Still a stronghold in the world of pay-per-click advertising, Google AdWords is a great advertising tool in the online world. If you are looking for a way to immediately reach your audience through search, AdWords is a great place to start.
When you search for something on Google, have you noticed the results that appear on the right hand side? These are AdWords; they’re sponsored advertisements. If you were to click on one of these, the advertiser would be charged a certain rate for your click. That’s why they’re called pay-per-click ads.
The rate you pay per click is based on the keywords you want your ad to appear for. If someone searches for, say, “internet marketing,” your per-click fee will be much higher than it would be for the keywords “internet marketing in el cajon.” The more competition you have for placing an ad for a certain keyword, the more you will pay for the privilege. And the more generic the keyword is (“internet marketing”) the higher the rate.
Why Use AdWords?
Depending on who you ask, pay-per-click ads can be the greatest thing since carb-free, no fat sliced bread. They provide you a way to connect with the people who are searching for what you’re providing, and you only pay if they click.
Now, of course, a click doesn’t guarantee a sale. There are all kinds of metrics around what percent of sales you should expect from a good, targeted ad campaign. But let’s assume you make a sale with 1% of the people who click your ads. That means you need to have a great deal of clicks to make it worth your while!
AdWords are great for specific promotions or to advertise a certain product. They work better for products than services (anything that people can buy directly from your site, versus having to call to order), and the more targeted you are, the more clicks you’ll get.
Mastering the Ad
Google provides tutorials for writing great ad copy for your AdWords. I suggest you watch them before trying it. So many businesses don’t study the art of ad writing and then wonder why they’re getting lots of clicks but no sales. Likely, their ads were poorly targeted, and led the wrong people to click on their site, only to realize it wasn’t for them.
Here’s an example. A company selling specialty dog food for small dogs might have the following ad targeted for the keywords “dog food.”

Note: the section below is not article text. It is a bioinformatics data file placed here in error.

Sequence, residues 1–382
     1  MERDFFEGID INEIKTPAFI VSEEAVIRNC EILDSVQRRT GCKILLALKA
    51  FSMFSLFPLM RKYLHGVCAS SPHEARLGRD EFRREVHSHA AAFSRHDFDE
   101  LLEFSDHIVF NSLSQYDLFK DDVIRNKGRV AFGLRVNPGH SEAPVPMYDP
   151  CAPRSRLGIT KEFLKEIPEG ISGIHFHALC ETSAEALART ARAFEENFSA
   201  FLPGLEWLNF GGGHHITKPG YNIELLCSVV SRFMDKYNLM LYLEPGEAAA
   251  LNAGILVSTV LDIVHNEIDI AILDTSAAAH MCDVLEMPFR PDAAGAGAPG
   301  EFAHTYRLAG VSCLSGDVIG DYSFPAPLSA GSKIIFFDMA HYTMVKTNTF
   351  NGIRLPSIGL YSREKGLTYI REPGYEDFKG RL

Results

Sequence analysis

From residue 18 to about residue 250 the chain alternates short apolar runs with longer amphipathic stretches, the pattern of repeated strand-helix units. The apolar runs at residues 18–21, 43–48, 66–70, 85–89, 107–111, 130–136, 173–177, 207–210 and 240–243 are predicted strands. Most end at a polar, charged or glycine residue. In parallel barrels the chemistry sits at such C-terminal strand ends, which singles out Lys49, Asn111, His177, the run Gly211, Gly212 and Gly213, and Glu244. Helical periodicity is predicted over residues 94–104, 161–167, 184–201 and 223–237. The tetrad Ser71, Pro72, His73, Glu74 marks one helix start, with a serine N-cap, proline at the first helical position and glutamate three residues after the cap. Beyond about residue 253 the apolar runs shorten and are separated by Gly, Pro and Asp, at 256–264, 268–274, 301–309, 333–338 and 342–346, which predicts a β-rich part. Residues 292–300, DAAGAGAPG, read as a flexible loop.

Treat Fido Right!
All organic dog food makes for happy dogs. Click here to save 20%.
At the face of it, there’s nothing wrong with this ad. It’s not particularly engaging, but that’s fine. However, upon clicking the ad, a visitor discovers the dog food is specific to small breeds, and he’s got an English Bulldog. The company just wasted a click by being too generic in its keyword targeting (A really wide range of people search for “dog food”), when it could have targeted in better by focusing on both keywords and ad copy that addressed smaller breeds.
It’s wise to test a few different ad versions to see which gets the most clicks and sales. Monitor this and modify as necessary. Create a different campaign for each product line or promotion that you’re trying to draw attention to.
Keep in mind that your pay-per-click rate is your cost of customer acquisition. Don’t pay more than you can afford to. Work to lower this by targeting your keywords with laser focus. So, if you were looking at using the keyword “marketing consultant” to drive traffic to your ad, understand that that will have a higher cost per click than “San Diego marketing consultant” would. The more you can target in on keywords, the lower the cost per click.
Include AdWords as part of your overall marketing strategy, and if it’s bringing you a larger portion of revenue than other areas, up spending for it.